Deliver us from evil

<strong>The Post Office Girl</strong>

Stefan Zweig

<em>Sort Of Books, 265pp, £7.99</em>

Though it was apparently written in the mid-1930s, The Post Office Girl was never published during Stefan Zweig’s lifetime: the manuscript was found among his papers after his death in 1942 and was finally published in German 40 years later; it took another 26 years for an English translation to appear (it came out in the United States last summer). The wait has been due in part to the long eclipse of Zweig’s reputation, at least in the English-speaking world; he has received acclaim only in recent years, thanks largely to the steady efforts of the tiny independent Pushkin Press. But it must also owe something to a certain ambiguity: The Post Office Girl ends in mid-air, a decision having been taken, events about to be set in train. Had Zweig finished the story, or only abandoned it? This ambiguity is entirely appropriate to a book whose whole subject is dissatisfaction.

The girl of the title is Christine Hoflehner, who in the summer of 1926 is mistress of a tiny post office in a village a couple of hours’ train ride from Vienna. Christine’s dreary existence is divided into days spent on tedious chores – stamping letters, sending telegrams, entering figures in ledgers – and nights caring for her sick, unhappy mother. She herself is numb, too unaware of the possibility of happiness even to know that she is unhappy. She is nudged awake by a telegram from her aunt, who fled a minor scandal to live in America, married well, and is now visiting Europe with her husband. Christine is to stay with them at a Swiss resort, on her first ever holiday.

Once there, surrounded by wealth, pampered with clothes and the attentions of a hairdresser, Christine discovers that she is beautiful and free – discovers desire, too. This is a Cinderella story (clocks chime midnight, the old Christine is compared to an ugly stepsister), so it must come to an end. When rumours of Christine’s humble origins begin to circulate, the aunt – fearing that her own shadowy past may come to light – drops her, and she returns home in disgrace.

But as the song says, how ya gonna keep them down on the farm after they’ve seen Paree? For Christine, the brief revelation of happiness can only lead to misery. The most powerful passages in the book describe the new feeling that seizes her: hatred. Given Zweig’s nationality (he was Austrian) and the time in which The Post Office Girl was written, it is difficult not to read political parallels into the story – though the publisher’s blurb suggesting that the subject is “the human cost of the boom and bust of capitalism” is, I think, an instance of the tendency to project our own concerns on to stories of the past.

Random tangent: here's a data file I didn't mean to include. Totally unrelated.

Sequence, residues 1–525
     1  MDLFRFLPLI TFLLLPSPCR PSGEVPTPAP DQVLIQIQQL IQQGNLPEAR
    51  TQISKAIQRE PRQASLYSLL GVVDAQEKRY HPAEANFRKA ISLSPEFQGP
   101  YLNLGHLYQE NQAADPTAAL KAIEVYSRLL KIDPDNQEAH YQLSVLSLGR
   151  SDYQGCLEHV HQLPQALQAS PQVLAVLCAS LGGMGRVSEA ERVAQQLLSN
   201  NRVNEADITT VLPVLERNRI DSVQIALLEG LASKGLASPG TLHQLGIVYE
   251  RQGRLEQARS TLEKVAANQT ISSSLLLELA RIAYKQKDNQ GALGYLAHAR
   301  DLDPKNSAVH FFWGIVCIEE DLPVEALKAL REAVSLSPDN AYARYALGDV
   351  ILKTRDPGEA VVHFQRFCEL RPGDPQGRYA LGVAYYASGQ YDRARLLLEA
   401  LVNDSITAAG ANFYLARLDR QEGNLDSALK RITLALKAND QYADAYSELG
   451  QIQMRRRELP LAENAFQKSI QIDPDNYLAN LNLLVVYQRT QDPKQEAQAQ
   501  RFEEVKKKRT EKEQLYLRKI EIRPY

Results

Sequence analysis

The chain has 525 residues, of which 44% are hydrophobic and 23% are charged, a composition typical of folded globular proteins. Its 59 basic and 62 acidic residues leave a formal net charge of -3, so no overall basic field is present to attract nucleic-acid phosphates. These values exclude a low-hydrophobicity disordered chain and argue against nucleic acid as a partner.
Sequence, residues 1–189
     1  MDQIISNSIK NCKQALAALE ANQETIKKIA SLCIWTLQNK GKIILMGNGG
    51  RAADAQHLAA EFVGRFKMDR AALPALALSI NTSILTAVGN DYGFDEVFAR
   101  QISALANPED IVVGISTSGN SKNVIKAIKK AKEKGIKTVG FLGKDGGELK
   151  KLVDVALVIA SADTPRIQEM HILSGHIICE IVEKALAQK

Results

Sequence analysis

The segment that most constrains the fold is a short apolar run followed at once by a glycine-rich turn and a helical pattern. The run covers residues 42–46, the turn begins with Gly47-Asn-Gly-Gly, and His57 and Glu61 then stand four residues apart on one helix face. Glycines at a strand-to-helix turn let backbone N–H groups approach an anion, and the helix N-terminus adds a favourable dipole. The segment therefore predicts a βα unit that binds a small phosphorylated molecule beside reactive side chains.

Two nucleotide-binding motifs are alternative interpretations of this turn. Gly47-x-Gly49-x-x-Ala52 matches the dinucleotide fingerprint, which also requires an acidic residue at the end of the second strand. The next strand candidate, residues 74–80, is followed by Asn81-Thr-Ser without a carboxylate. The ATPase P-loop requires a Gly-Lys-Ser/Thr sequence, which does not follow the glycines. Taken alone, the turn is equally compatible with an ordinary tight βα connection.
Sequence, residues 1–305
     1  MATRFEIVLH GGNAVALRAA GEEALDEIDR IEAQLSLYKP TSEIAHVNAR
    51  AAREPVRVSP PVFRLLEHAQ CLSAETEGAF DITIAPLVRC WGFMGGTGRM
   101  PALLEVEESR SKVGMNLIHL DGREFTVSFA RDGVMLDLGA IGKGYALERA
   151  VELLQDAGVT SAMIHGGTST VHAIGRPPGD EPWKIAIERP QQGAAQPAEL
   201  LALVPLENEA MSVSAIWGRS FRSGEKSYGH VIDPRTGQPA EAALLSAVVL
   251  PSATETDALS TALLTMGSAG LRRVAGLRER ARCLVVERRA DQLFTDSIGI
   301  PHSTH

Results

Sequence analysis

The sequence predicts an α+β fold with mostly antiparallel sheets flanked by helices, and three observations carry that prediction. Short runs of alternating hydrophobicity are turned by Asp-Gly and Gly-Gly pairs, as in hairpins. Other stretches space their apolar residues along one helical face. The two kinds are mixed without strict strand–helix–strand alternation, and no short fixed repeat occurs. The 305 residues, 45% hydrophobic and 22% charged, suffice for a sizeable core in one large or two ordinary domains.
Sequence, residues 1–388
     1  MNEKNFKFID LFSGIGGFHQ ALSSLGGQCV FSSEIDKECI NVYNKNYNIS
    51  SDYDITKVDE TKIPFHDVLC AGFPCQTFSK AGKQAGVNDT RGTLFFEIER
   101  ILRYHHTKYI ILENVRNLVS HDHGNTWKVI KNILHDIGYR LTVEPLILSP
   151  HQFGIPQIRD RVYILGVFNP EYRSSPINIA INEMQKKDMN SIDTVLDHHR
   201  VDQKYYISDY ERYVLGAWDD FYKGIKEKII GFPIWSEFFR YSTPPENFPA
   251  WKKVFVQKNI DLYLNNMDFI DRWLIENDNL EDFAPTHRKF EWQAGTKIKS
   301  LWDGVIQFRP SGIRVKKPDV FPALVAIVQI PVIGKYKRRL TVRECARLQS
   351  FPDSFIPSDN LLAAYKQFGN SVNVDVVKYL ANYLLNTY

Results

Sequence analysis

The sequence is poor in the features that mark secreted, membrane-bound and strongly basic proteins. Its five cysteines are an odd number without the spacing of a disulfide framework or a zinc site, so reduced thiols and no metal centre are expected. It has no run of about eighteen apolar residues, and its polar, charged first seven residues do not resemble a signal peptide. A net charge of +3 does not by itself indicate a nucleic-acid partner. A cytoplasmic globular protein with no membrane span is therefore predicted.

Certainly Ferdinand, a wartime friend of Christine’s brother who has returned from a prisoner-of-war camp in Siberia filled with bitterness, feels like a representative figure: it was other Ferdinands who were mounting putsches, putting on brown shirts. But Ferdinand and Christine do not threaten to go in this direction: united in anger, they conceive other ways of escape. Another mood begins to creep in; I’d associated Zweig with Joseph Roth as a backward-looking chronicler of Austria’s decline, but here he looks forward, to the American noir novels of James M Cain and David Goodis; and then the book stops, before the promise can be fulfilled.

Zweig traces Christine’s trajectory with great skill. At first, he describes her life in purely general terms as the representative of thousands or tens of thousands; but as she ascends towards the light, the narrative becomes increasingly personal, even intimate, as money and attention allow her to become an individual. Zweig is never starry-eyed. He makes it clear, for instance, that happiness does not make her a better person: on the contrary, finding a sense of herself, she loses much sense of those around her (which is why, when the axe falls, she is such an easy victim).

Zweig does pain better than pleasure, however. The early passages about Christine’s childhood, describing the Hoflehners’ gradual fall through the First World War into poverty and habitual unhappiness, though brief, are more deeply felt than the scenes in the Swiss hotel. They reminded me of George Gissing’s The Odd Women, another depiction of women’s lives shut down by poverty, and the most depressing novel I’ve read. Perhaps that pessimism is what put Zweig off publishing – he may have felt that he had gone too far. But it is that feeling which gives The Post Office Girl urgency, which takes it out of its period and makes it perpetually modern.

This article first appeared in the 09 March 2009 issue of the New Statesman, Planet Overload